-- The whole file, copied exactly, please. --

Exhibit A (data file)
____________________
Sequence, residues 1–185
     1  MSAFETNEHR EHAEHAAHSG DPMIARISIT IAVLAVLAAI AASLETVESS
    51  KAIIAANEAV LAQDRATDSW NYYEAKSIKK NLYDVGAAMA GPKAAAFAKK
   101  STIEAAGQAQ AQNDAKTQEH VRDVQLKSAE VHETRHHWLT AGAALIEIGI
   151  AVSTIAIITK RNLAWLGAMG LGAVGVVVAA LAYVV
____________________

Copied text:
Sequence, residues 1–185
     1  MSAFETNEHR EHAEHAAHSG DPMIARISIT IAVLAVLAAI AASLETVESS
    51  KAIIAANEAV LAQDRATDSW NYYEAKSIKK NLYDVGAAMA GPKAAAFAKK
   101  STIEAAGQAQ AQNDAKTQEH VRDVQLKSAE VHETRHHWLT AGAALIEIGI
   151  AVSTIAIITK RNLAWLGAMG LGAVGVVVAA LAYVV